The writing is on the wall: The superhero fad … doesn’t seem to be a fad. For better or for worse, comic-book vigilantes have become to the mainstream pop-culture and Hollywood especially what Westerns were in the 50s and 60s: The default genre setting for escapist action. And it doesn’t look like we’ll be getting rid of them any time soon.

It is still possible to be awestruck by a movie trailer

Avengers? Pretty big deal. Batman? Fingers crossed. Peter Jackson – and damn near everyone else – taking us back to Middle Earth? That’s the one to watch for in 2012.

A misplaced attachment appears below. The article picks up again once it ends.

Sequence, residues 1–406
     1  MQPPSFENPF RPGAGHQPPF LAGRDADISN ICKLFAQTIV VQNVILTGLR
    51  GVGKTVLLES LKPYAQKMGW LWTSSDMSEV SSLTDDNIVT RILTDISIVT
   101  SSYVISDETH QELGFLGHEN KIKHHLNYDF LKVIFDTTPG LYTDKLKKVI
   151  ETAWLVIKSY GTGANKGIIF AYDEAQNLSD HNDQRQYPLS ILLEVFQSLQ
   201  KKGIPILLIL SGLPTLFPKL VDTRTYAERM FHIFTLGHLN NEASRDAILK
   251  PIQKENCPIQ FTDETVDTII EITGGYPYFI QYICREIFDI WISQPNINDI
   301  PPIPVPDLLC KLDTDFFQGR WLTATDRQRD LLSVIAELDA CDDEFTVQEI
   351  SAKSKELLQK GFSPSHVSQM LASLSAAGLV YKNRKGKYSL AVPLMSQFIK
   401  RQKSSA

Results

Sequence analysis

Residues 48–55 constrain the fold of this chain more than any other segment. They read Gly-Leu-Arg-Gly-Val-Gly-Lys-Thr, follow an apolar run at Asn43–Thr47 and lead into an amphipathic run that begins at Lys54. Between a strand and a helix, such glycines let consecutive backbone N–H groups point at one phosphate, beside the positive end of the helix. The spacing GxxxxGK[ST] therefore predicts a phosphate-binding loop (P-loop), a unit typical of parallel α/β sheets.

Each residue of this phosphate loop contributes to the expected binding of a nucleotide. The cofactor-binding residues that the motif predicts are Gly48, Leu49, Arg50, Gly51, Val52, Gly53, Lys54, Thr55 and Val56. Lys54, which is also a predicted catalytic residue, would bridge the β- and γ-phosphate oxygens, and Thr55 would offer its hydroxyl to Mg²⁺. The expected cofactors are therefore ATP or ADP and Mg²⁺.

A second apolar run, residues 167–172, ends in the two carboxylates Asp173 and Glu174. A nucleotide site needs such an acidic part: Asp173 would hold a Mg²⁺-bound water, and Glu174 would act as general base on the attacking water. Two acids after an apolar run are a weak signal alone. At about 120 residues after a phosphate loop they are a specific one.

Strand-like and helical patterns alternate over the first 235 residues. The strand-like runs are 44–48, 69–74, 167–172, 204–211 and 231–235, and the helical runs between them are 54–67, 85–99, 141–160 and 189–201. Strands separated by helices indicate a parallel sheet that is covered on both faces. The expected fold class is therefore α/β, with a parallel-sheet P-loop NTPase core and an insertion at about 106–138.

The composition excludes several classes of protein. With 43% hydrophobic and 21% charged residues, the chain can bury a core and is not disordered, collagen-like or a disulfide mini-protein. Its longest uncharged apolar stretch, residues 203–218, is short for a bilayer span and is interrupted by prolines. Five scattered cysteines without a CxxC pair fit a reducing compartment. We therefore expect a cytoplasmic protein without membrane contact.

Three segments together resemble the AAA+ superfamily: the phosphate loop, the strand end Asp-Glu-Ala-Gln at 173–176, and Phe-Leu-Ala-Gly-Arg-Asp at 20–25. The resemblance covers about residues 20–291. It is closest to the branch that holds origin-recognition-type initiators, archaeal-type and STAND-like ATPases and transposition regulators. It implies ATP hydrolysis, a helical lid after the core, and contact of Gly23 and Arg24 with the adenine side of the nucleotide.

Happy New Year.

Bob Chipman is a film critic and independent filmmaker. If you’ve heard of him before, you have officially been spending way too much time on the internet.

Bob Chipman
Bob Chipman is a critic and author.